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Difference between revisions of "Illinois Probate Records"

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[[Portal:United States Probate|Portal:United States Probate ]]>[[Illinois|Illinois]]  
  
 
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Probate encompasses all matters and proceedings pertaining to the administration of estates, whether there is a will (testate) or not (intestate). Various types of records are created throughout the probate process. These may include, wills, bonds, petitions, accounts, inventories, administrations, orders, decrees, and distributions. These documents are extremely valuable to genealogists and should not be neglected. In many instances, they are the only known source of relevant information such as the decedent’s date of death, names of his or her spouse, children, parents, siblings, in-laws, neighbors, associates, relatives, and their places of residence. They may also include information about adoption or guardianship of minor children and dependents. Probate records may not give an exact death date, but the death most often occurred within a few months of the date of probate. Wills usually mention the names of heirs and frequently specify how those heirs are related. Names of children are given, as well as married names of daughters.  
 
Probate encompasses all matters and proceedings pertaining to the administration of estates, whether there is a will (testate) or not (intestate). Various types of records are created throughout the probate process. These may include, wills, bonds, petitions, accounts, inventories, administrations, orders, decrees, and distributions. These documents are extremely valuable to genealogists and should not be neglected. In many instances, they are the only known source of relevant information such as the decedent’s date of death, names of his or her spouse, children, parents, siblings, in-laws, neighbors, associates, relatives, and their places of residence. They may also include information about adoption or guardianship of minor children and dependents. Probate records may not give an exact death date, but the death most often occurred within a few months of the date of probate. Wills usually mention the names of heirs and frequently specify how those heirs are related. Names of children are given, as well as married names of daughters.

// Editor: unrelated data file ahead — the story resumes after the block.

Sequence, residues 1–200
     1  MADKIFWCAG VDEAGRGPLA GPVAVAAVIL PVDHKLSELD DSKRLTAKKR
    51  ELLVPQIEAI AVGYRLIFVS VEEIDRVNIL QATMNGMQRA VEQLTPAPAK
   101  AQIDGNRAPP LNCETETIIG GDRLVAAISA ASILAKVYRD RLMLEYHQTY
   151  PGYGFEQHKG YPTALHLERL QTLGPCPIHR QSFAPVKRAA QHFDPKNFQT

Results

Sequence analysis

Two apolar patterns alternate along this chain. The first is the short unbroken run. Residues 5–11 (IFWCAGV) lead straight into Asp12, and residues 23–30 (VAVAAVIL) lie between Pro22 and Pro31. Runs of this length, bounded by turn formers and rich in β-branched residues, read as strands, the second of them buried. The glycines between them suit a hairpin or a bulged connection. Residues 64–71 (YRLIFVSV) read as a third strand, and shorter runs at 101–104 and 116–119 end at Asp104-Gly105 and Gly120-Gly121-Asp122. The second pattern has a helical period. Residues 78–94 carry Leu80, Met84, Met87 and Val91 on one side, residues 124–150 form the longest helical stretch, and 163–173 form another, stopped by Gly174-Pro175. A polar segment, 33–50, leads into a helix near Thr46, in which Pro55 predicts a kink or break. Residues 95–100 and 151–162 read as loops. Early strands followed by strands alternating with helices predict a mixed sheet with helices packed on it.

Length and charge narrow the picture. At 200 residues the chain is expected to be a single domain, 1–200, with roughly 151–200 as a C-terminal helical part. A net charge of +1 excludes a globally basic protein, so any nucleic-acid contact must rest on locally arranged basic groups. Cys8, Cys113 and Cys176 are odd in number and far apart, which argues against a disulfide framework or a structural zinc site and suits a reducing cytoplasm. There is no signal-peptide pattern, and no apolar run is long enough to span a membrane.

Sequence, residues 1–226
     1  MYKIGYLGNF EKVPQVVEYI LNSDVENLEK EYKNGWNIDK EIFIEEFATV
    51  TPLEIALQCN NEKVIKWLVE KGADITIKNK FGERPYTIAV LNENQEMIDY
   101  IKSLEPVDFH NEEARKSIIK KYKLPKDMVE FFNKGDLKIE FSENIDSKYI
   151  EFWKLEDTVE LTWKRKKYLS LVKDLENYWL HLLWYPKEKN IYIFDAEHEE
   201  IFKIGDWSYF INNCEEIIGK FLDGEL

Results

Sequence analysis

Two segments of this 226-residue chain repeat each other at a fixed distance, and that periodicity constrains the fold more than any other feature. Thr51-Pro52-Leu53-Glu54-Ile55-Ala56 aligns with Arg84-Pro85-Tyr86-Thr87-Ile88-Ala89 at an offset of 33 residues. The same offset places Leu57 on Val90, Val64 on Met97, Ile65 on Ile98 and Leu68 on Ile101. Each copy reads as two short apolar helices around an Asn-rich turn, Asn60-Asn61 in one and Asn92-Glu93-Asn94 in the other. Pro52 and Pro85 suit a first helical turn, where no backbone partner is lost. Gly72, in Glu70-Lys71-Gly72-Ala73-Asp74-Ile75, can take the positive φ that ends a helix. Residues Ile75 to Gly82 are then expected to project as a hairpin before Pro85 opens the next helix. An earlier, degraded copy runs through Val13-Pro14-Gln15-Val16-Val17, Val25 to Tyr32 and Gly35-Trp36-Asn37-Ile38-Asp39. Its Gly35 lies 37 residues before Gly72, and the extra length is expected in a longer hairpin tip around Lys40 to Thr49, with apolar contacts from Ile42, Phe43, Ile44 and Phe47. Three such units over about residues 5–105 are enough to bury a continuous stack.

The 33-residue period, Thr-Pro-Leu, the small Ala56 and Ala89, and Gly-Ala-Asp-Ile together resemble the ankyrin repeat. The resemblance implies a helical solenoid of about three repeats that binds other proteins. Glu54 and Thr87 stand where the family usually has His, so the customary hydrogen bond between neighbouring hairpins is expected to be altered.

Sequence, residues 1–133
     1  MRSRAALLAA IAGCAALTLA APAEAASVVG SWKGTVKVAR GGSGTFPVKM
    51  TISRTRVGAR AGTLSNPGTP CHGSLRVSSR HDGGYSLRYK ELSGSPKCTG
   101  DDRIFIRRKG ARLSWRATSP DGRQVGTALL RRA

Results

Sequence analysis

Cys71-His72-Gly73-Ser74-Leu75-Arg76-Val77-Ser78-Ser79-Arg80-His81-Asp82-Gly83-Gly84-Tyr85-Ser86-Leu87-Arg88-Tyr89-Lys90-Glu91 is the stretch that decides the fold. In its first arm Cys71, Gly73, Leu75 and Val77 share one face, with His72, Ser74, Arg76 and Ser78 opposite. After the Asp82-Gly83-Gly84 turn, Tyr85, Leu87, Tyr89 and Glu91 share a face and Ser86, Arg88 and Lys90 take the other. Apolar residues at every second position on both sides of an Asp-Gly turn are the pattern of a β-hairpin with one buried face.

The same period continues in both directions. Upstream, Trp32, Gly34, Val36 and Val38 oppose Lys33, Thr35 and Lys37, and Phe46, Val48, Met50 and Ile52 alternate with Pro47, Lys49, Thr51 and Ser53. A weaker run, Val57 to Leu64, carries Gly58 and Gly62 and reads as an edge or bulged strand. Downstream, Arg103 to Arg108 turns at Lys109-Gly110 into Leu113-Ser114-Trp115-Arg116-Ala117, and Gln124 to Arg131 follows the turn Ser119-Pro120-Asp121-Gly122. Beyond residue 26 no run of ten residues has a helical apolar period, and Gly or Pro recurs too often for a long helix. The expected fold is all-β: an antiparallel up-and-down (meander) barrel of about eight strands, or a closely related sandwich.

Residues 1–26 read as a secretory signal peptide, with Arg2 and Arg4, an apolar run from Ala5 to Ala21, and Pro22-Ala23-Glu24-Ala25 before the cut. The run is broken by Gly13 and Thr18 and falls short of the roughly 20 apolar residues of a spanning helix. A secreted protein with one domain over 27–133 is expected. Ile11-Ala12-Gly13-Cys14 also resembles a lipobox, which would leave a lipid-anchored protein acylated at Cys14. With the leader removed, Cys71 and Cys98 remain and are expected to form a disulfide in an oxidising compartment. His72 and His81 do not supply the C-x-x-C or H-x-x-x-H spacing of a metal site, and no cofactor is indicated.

While probate records are one of the most accurate sources of genealogical evidence, they have [[United States Probate Limitations|limitations]].
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While probate records are one of the most accurate sources of genealogical evidence, they have [[United States Probate Limitations|limitations]].  
  
 
=== Jurisdictions  ===
 
=== Jurisdictions  ===
  
 
Clerk of County's Commissioners' Court (1819 - 1821)<br>County Probate Court (1821 - 1848)<br>County Probate Court (for counties with 50,000+ population) (1870 - 1964)<br>County Court (1848 - 1964)<br>Circuit Court (1964 - present)  
 
Clerk of County's Commissioners' Court (1819 - 1821)<br>County Probate Court (1821 - 1848)<br>County Probate Court (for counties with 50,000+ population) (1870 - 1964)<br>County Court (1848 - 1964)<br>Circuit Court (1964 - present)  
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=== State Statutes  ===
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Understanding the Illinois probate laws and how they changed over time can help us learn how the estate was administered, taxed, and distributed and might help to solve difficult genealogical problems. For additional information about Illinois state statutes relating to probate matters, see: <br>
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*Jones, William C. ''A Practical Treatise upon the Jurisdiction''''of...Probate Courts of Illinois....''Chicago: T.H. Flood &amp; Co., 1892.
  
 
=== Obtaining the Records  ===
 
=== Obtaining the Records  ===